We see the Soul, Plato said, as men see the statue of Glaucus, recovered from the sea wherein it had lain many years–which viewing, it was not easy, if possible, to discern what was its original nature, its limbs having been partly broken and partly worn and by defacement changed, by the action of the waves, and shells, weeds, and pebbles adhering to it, so that it more resembled some strange monster than that which it was when it left its Divine Source. Even so, he said, we see the Soul, deformed by innumerable things that have done it harm, have mutilated and defaced it. But the Mason who hath the ROYAL SECRET can also with him argue, from beholding its love of wisdom, its tendency toward association with what is divine and immortal, its larger aspirations, its struggles, though they may have ended in defeat, with the impediments and enthralments of the senses and the passions, that when it shall have been rescued from the material environments that now prove too strong for it, and be freed from the deforming and disfiguring accretions that here adhere to it, it will again be seen in its true nature, and by degrees ascend by the mystic ladder of the Spheres, to its first home and place of origin (Albert Pike, Morals and Dogma, 1871, p. 856-858).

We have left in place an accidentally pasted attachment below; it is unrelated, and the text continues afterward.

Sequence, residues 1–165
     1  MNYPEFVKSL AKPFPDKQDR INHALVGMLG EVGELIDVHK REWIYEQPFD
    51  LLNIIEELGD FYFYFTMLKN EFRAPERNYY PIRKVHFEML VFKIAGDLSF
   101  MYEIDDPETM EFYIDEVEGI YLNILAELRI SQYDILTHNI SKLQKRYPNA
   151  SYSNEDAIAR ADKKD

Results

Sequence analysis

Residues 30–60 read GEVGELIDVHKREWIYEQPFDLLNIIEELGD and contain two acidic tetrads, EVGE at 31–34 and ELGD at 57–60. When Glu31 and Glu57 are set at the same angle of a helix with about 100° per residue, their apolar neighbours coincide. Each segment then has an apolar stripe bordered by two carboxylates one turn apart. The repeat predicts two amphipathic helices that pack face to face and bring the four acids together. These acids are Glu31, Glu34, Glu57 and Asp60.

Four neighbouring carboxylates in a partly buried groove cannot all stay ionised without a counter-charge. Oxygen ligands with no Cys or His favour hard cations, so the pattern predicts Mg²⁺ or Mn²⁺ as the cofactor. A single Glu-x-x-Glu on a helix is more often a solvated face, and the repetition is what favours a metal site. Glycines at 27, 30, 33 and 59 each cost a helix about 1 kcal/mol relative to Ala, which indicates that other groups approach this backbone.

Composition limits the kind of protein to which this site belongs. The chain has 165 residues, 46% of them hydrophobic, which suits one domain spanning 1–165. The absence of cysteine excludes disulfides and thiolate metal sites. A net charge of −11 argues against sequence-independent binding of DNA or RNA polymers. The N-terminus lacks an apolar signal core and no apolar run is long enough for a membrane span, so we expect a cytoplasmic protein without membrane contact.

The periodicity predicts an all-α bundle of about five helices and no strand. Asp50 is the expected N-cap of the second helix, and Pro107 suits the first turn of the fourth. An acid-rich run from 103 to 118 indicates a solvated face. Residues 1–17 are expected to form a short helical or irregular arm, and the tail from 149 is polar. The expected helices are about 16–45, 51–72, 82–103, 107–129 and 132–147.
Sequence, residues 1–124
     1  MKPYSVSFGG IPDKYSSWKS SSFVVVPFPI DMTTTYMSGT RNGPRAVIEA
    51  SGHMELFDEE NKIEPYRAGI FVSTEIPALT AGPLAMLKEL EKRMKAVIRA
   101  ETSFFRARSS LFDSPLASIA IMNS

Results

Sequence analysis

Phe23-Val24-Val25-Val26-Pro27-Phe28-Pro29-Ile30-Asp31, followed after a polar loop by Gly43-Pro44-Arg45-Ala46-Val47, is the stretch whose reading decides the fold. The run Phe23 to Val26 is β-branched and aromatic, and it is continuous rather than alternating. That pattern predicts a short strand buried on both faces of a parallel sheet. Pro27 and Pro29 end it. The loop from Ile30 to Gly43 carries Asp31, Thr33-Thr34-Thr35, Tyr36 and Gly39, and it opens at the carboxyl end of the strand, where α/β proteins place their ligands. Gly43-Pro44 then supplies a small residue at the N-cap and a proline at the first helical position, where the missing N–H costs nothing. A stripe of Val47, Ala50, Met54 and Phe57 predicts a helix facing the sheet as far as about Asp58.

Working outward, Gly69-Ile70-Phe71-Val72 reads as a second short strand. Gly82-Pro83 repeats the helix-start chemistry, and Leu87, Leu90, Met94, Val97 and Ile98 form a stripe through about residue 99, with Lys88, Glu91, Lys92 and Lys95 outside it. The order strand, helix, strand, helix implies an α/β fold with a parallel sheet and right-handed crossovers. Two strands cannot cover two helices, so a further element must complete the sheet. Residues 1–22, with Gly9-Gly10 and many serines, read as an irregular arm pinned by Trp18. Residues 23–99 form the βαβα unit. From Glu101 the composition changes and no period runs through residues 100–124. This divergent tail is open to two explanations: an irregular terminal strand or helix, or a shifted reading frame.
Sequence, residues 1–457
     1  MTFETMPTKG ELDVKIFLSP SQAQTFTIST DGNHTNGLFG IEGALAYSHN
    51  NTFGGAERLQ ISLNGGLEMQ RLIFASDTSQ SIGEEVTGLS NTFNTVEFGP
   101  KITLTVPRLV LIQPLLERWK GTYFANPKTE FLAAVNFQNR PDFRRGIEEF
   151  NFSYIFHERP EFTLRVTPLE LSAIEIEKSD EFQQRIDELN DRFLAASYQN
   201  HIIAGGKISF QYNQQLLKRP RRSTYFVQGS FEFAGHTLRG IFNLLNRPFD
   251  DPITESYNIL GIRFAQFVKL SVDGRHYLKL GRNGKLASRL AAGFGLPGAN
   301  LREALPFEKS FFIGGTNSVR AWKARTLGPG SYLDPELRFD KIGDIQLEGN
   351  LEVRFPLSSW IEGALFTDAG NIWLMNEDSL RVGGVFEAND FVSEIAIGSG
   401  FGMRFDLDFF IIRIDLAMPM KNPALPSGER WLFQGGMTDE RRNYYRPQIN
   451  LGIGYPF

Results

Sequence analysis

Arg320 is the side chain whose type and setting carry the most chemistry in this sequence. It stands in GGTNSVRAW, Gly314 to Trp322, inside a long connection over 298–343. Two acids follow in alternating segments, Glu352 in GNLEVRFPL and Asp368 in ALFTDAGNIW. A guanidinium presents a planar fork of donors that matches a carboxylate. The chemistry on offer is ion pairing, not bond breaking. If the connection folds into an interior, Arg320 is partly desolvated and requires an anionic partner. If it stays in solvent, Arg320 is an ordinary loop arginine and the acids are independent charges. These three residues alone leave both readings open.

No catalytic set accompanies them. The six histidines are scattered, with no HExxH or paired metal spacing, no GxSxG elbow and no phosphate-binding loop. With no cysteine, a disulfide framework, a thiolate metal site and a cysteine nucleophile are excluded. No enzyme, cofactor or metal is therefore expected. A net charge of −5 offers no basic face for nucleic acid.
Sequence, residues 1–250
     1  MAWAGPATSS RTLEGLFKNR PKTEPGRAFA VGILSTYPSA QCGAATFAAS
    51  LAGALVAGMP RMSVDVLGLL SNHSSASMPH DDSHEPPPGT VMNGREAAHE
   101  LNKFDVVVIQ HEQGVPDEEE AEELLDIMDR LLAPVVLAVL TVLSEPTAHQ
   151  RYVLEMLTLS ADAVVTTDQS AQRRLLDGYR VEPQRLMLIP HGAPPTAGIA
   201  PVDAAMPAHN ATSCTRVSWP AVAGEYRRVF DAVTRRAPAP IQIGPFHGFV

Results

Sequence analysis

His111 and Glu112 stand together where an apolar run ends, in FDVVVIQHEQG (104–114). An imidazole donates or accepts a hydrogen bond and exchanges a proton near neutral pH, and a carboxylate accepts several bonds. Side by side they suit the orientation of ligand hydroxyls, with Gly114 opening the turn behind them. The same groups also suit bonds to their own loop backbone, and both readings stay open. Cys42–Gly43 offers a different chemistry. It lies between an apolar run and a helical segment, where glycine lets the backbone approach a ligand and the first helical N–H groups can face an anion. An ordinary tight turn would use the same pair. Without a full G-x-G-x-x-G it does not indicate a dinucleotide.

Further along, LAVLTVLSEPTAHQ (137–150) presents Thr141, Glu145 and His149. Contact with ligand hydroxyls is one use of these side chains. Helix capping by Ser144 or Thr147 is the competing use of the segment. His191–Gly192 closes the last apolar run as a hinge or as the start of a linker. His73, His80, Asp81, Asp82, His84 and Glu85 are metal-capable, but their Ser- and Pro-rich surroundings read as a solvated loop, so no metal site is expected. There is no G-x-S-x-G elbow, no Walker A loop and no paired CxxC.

Next Month’s Article on GnosisMasonry:
Pike wrote, “What, in fact, is a despot, spiritual or temporal, but a crowned anarchist?”